Thursday, August 02, 2012

Usurpress: Trenches of the Netherworld (2012)

Swe-Death with a Few Surprises

Usurpress is a Swedish death metal band who are actually from Sweden. A statement like that should both pique your interest (Swe-death!) and put you on guard (oh, more Swe-death?).

Most bands of the Swe-death variety tend to pigeonhole themselves into one facet of that sound. Not so for Usurpress on Trenches of the Netherworld. They employ the gruff vocals and buzzsaw tone in a variety of different ways, from the more straight-forward sounds of Entombed/Dismember/etc., to D-beat, to a doomy sort of Autopsy on HM-2.

Wednesday, August 01, 2012

Thy Darkened Shade: Eternvs Mos, Nex Ritvs (2012)

Olympic Superiority

Guest review by Patrick, proprietor of Beards Etc., home of metal, beards, and more.

I have come to feel that Greece may well have the best current black metal scene in the world, and the debut album of Athens-based Thy Darkened Shade further cements that notion in my mind. Eternvs Mos, Nex Ritvs was released in May of this year, and I had heard nothing about it or the band until hearing the album itself.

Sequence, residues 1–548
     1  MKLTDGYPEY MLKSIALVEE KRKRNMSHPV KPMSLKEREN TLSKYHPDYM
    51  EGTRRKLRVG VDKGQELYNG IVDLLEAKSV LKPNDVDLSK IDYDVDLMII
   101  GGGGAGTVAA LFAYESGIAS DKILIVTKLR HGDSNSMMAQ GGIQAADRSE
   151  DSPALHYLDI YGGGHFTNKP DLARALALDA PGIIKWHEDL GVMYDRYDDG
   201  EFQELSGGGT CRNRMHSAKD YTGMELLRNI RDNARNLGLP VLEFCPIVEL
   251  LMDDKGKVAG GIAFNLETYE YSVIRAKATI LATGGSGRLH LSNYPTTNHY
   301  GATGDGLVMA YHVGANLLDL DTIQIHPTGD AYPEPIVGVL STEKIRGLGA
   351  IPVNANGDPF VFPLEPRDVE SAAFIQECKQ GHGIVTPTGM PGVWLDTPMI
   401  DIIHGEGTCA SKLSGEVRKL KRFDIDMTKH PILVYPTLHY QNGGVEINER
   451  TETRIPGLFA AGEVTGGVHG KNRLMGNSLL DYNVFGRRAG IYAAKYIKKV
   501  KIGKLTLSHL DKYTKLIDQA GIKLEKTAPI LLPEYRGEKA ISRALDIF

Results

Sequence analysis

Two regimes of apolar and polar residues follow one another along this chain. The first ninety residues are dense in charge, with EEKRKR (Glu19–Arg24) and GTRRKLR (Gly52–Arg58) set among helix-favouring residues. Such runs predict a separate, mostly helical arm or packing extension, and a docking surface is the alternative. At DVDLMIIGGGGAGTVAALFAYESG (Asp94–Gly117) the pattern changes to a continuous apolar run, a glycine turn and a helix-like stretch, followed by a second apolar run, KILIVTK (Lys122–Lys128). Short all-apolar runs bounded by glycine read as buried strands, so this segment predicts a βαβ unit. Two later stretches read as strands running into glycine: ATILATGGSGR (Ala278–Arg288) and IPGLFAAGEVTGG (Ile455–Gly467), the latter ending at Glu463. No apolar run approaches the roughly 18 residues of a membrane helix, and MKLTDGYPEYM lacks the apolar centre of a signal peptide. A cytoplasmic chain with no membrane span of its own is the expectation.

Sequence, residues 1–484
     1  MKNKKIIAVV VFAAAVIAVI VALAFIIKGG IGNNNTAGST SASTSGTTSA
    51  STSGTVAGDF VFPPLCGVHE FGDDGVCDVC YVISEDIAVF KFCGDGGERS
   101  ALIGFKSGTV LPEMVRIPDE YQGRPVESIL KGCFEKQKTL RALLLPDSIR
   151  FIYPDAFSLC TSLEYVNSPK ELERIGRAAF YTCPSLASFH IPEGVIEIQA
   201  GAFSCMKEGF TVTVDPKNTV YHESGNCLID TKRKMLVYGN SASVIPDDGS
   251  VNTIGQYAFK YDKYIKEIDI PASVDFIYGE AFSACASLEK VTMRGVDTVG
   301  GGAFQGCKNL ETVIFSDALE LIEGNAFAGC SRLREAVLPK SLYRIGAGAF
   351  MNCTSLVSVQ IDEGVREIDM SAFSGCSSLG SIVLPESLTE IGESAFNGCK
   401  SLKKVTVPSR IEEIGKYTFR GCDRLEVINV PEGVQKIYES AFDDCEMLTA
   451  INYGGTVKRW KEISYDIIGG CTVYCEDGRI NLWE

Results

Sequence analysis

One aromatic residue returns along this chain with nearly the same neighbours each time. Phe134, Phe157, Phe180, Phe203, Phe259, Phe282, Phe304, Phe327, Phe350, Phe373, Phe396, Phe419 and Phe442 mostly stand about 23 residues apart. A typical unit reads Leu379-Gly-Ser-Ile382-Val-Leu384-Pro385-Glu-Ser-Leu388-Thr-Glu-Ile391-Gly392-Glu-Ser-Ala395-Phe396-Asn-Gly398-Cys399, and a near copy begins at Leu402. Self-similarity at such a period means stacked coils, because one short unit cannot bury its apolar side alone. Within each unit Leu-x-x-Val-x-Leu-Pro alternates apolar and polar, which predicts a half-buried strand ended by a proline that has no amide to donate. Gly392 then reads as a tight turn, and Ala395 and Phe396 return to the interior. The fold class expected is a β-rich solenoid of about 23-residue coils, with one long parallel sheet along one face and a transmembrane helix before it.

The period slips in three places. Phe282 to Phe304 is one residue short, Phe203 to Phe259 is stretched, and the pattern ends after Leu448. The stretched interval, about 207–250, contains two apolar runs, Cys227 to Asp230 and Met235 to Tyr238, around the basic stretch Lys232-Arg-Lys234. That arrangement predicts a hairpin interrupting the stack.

Apparently these guys have been around for over a decade, so it's easy to understand why this doesn't sound like a debut album. Rather, it sounds like the work of a fully matured black metal powerhouse who know exactly what they're doing. The vocals are primarily throaty shrieks, totally unintelligible but perfectly suited to the music. There are a couple places where some peculiar, reverb-laden baritone chanting crops up, creating some little interludes that provide interesting atmosphere without ever overstaying their welcome. Some very low simulated strings make a few appearances as well, adding occasional tasteful accents without ever stepping into the forefront.